The Ontario Superior Court of Justice recently certified a class action for an unpaid overtime claim by current and former investment advisors (IAs) of BMO Nesbitt Burns Inc. The group of IAs included in the claim managed their own schedules and books of business. As a result, they often worked long hours and were compensated by commission. Nesbitt Burns did not track their hours worked and did not compensate them for overtime.
Under the Ontario Employment Standards Act, employers must compensate employees for overtime unless one of two exemptions applies: if the employee’s work is “supervisory or managerial in character” or if the employee falls under the “greater benefit” exemption. In this class action, the plaintiff claims that neither exemption applies.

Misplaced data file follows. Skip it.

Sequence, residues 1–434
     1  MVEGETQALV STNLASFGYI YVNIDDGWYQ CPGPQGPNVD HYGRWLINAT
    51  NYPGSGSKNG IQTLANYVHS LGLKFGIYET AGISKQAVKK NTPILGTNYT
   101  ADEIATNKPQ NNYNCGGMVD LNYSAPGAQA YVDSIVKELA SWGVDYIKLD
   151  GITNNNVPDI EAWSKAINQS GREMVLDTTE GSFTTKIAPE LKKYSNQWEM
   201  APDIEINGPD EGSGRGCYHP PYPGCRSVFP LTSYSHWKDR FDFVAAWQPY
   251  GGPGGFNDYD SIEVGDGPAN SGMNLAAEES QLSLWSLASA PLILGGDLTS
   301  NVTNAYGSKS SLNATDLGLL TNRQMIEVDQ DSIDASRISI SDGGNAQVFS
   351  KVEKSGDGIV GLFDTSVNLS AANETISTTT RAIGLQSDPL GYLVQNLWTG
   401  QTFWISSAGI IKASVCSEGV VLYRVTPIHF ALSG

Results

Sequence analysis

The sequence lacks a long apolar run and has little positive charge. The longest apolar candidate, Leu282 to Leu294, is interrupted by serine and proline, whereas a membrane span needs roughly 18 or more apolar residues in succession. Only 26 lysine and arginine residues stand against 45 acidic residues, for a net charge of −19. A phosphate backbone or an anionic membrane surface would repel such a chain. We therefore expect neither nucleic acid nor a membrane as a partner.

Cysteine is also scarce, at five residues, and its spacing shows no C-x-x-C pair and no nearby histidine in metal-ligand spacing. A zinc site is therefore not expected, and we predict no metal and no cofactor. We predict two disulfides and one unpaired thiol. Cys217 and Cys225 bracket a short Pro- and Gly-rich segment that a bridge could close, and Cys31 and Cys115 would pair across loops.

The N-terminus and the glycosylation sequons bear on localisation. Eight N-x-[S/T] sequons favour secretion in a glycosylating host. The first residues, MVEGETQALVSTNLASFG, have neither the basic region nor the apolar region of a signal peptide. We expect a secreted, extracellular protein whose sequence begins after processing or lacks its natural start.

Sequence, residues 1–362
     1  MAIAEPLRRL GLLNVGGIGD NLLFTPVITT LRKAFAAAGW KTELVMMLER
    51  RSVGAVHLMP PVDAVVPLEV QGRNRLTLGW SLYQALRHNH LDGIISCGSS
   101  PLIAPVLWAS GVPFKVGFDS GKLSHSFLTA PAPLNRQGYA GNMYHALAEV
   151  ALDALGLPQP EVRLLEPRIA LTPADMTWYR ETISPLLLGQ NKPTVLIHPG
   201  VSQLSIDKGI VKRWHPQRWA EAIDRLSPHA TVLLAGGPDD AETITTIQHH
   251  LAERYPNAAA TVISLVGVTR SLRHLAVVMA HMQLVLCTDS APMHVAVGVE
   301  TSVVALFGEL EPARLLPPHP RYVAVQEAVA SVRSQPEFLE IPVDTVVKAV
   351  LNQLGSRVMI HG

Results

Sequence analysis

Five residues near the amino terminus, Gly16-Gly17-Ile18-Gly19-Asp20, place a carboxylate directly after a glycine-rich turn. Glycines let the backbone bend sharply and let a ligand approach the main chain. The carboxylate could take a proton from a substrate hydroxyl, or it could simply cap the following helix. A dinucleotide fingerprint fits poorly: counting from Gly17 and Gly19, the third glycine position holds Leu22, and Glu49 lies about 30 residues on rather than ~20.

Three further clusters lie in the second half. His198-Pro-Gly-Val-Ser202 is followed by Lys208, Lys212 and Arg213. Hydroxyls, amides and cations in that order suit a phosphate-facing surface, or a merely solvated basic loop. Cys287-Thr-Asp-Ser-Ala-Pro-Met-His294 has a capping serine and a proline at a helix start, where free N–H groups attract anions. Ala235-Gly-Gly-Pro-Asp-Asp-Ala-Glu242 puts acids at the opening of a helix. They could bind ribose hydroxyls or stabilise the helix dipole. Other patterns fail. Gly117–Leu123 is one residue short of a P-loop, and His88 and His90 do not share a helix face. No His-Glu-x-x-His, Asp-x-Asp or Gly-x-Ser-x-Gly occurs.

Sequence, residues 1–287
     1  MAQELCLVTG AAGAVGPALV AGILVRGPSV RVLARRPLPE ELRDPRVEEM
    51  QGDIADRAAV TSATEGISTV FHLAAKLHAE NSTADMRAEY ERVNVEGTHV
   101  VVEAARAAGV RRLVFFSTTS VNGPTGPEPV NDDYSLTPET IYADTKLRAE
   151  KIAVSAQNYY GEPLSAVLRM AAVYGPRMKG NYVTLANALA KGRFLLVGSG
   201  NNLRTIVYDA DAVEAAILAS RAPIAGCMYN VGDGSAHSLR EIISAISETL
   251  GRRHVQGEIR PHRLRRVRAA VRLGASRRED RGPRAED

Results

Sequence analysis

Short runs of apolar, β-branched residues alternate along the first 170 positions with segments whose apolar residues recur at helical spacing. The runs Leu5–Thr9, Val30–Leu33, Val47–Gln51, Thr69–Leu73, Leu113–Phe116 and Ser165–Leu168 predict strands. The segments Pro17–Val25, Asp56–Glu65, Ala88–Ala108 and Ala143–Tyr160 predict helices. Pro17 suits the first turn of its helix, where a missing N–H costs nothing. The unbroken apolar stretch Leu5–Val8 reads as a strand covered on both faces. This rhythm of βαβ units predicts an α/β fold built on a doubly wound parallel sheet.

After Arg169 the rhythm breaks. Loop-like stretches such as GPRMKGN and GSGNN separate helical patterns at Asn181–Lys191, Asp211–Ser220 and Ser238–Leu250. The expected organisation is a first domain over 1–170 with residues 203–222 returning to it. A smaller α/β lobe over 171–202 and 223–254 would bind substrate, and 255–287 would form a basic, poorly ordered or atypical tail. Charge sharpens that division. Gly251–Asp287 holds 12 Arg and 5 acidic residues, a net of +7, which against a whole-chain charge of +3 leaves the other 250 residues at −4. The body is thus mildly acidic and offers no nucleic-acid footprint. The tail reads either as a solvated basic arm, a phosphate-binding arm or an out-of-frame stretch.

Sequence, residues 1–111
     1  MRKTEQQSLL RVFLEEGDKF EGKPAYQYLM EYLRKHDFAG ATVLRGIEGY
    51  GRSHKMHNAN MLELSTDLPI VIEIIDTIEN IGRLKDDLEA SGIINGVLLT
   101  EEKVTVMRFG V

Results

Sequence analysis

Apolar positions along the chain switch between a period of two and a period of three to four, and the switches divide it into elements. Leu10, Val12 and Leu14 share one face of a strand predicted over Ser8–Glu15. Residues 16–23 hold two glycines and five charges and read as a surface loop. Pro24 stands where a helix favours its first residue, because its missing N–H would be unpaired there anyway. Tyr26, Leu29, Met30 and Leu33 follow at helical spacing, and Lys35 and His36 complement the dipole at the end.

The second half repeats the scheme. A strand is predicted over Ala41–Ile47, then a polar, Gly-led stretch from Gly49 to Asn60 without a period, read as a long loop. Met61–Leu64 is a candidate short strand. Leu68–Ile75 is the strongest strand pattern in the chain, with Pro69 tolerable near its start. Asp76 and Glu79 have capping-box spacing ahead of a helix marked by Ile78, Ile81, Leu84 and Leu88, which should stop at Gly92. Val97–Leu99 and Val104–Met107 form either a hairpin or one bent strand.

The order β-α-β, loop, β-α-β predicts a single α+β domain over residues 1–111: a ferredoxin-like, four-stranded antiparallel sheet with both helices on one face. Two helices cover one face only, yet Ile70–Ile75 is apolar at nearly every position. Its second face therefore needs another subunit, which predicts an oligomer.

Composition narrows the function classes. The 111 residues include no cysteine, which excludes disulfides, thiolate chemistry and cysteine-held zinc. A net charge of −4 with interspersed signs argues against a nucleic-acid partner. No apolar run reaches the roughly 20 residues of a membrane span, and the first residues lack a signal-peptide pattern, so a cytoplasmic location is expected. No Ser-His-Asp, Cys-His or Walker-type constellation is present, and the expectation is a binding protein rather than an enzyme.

However, the substance of that claim has not yet been proven in court, as the approval of a class action is procedural in nature. Instead, the court determined that the plaintiff has satisfied the requirements of s. 5(1) of the Class Proceedings Act, which includes: (a) the pleadings disclose a cause of action; (b) there is an identifiable class; (c) the claims raise common issues of fact or law; (d) a class proceeding is the preferable procedure; and (e) there is a representative plaintiff who will adequately represent the interests of the class.
This decision illustrates the need for employers to mindful that statutory entitlements may apply to positions which historically have not received them, including positions which may be highly paid or involve significant independence and responsibilities. In such cases, the availability of class proceedings may expose employers to significant, unanticipated liabilities.
Rosen v. BMO Nesbitt Burns Inc., 2013 ONSC 2144